The Maximum quantum (MaxQ) excitation efficiency Q for the linear spin chain of 5 spins for the cases with and without the second-nearest neighbor coupling Ji,i+2 . . . . . . . . . . . . . . . . . . . . . . . . . . . . . 44 Experimental and theoretical MaxQ excitation efficiencies Q of conventional and optimized pulse sequences for the 1 H spin system of 2,3-Dibromopropionic acid. . . . . . . . . . . . . . . . . . . . . . . . . . . . . . . . . . . . . . . . 45 Optimal pulse sequence and trajectories for negligible B0 and B1 inhomogeneities. . . . . . . . . . . . . . . . . . . . . . . . . . . . . . . . . . . . . Geometry of the test sample used for the imaging experiments. . . . . . . Experimental spatial B0 and B1 distributions. . . . . . . . . . . . . . . . . The pulse shapes of the analytical pulses and the numerical pulses. . . . . The corresponding trajectories of the deoxygenated spin of the analytical and the numerical pulses. . . . . . . . . . . . . . . . . . . . . . . . . . . . The corresponding trajectories of the oxygenated spin of the analytical and the numerical pulses. . . . . . . . . . . . . . . . . . . . . . . . . . . . Simulated final contrast. . . . . . . . . . . . . . . . . . . . . . . . . . . . . The simulated robustness of the analytical and the numerical pulses against the B0 and B1 inhomogeneity for the deoxygenated spin. . . . . . . . . . The simulated robustness of the analytical and the numerical pulses against the B0 and B1 inhomogeneity for the oxygenated spin. . . . . . . . . . . . The simulated robustness of the analytical and the numerical pulses against variation of T1 and T2 relaxation times. . . . . . . . . . . . . . . . . . . . Evolution of the X, Y and Z components of the magnetization vectors corresponding to the oxygenated and desoxygenated blood samples under the analytic pulse. . . . . . . . . . . . . . . . . . . . . . . . . . . . . . . . Evolution of the X, Y and Z components of the magnetization vectors corresponding to the oxygenated and desoxygenated blood samples under numerical optimized pulse. . . . . . . . . . . . . . . . . . . . . . . . . . . . Transition from the analytic to the experimental pulses for the onresonance case. . . . . . . . . . . . . . . . . . . . . . . . . . . . . . . . . . . . . Transition from the analytic to the experimental pulses for the offset case. Experimental implementation of the robust optimal pulse together with the simulation data. . . . . . . . . . . . . . . . . . . . . . . . . . . . . . . Block diagram of modified pulse X-band EPR spectrometer. . . . . . . . Pick-up coil test setup for measurement of the spin excitation function y(t) with the standard Bruker resonator MD 5. . . . . . . . . . . . . . . Frequency characterization of the spectrometer setup. . . . . . . . . . . Comparison of a conventional rectangular pulse and the optimized BEBOP (broadband excitation by optimized pulses). . . . . . . . . . . . . . Magnitude Fourier Transform spectra of 1 mM PNT in paraffin oil measured at room temperature. . . . . . . . . . . . . . . . . . . . . . . . . . . Schematic representation of three spin packages in the transverse plane directly after the pulse and some deadtime later. . . . . . . . . . . . . . Compares conventional and optimized pulses designed to acquire self refocused signal 200 ns after the end of the last pulse. . . . . . . . . . . .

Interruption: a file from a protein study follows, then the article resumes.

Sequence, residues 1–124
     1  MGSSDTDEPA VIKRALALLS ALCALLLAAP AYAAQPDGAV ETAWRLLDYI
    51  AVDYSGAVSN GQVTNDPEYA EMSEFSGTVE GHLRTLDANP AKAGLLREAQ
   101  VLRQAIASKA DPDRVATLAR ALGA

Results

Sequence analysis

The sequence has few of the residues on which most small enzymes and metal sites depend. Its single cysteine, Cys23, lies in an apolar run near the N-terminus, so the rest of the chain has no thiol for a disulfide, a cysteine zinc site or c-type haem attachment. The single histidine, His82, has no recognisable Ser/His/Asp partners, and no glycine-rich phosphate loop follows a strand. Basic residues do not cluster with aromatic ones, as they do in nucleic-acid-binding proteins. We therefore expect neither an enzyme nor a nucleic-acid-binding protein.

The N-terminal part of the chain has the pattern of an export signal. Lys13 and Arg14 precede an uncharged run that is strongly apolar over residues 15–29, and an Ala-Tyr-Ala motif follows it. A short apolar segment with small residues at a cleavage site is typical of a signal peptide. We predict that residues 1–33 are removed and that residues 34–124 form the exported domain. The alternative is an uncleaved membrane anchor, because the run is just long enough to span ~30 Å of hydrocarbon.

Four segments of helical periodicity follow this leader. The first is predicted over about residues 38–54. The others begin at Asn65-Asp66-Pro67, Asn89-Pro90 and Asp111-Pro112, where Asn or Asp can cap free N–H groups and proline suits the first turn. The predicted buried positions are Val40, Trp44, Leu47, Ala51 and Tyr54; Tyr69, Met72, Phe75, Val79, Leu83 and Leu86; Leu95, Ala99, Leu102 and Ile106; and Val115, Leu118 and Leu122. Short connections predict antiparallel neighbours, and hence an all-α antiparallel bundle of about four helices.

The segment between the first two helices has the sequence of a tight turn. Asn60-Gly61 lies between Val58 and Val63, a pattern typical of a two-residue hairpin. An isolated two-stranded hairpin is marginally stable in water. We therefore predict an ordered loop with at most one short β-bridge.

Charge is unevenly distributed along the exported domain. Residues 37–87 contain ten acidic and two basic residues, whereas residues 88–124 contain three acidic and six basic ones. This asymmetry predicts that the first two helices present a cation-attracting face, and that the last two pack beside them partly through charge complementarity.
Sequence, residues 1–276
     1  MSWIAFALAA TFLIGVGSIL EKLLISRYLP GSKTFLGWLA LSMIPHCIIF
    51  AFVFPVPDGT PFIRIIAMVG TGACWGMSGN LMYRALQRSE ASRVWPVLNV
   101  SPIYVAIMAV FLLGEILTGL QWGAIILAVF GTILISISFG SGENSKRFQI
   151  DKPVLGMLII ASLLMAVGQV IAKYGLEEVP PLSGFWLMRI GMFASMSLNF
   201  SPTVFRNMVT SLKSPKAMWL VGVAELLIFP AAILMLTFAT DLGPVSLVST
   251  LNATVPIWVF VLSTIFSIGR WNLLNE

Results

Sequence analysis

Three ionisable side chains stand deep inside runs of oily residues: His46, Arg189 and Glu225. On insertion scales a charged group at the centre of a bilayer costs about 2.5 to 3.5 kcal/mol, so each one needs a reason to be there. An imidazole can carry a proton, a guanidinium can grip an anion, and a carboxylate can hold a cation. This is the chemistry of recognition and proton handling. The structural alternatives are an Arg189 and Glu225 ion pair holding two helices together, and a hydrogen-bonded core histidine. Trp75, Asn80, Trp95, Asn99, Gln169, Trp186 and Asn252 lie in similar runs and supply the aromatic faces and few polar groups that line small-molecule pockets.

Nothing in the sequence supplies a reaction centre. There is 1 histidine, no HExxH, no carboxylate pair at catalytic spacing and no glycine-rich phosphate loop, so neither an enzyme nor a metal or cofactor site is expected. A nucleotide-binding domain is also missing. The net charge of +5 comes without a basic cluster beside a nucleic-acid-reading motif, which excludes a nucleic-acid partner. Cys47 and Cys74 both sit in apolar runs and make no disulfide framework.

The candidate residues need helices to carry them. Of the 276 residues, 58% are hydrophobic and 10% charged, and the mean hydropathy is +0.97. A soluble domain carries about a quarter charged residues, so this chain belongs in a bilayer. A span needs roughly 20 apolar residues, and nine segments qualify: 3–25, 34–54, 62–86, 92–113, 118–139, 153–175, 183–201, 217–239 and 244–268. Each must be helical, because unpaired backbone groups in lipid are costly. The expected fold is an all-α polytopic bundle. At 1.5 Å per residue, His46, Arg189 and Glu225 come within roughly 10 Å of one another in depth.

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List of Tables 3.1

(Top) Comparison of the geometrical (GM column) and numerical (GRAPE column) methods for different values of the control duration K = Te /Tt = 1.1, 1.5 and 2. (Bottom) Comparison of the two methods for different values of δγ with fixed K = 10. The p parameter δγ is defined as 2π/ωmax (T1 − T2 )/T1 T2 . The length D = y 2 + z 2 is the distance to the center of the Bloch ball. . . . . . . . . . . . . . . . . . . . . . . . . . . . 18

5.1

The unitary bound for the maximum quantum excitation efficiency Qmax and the numerically determined minimum time T ∗ to achieve it. M is the number of spins in the coupling network and the coupling topologies labled A-F are represented in Fig. 5.2 . . . . . . . . . . . . . . . . . . . . 35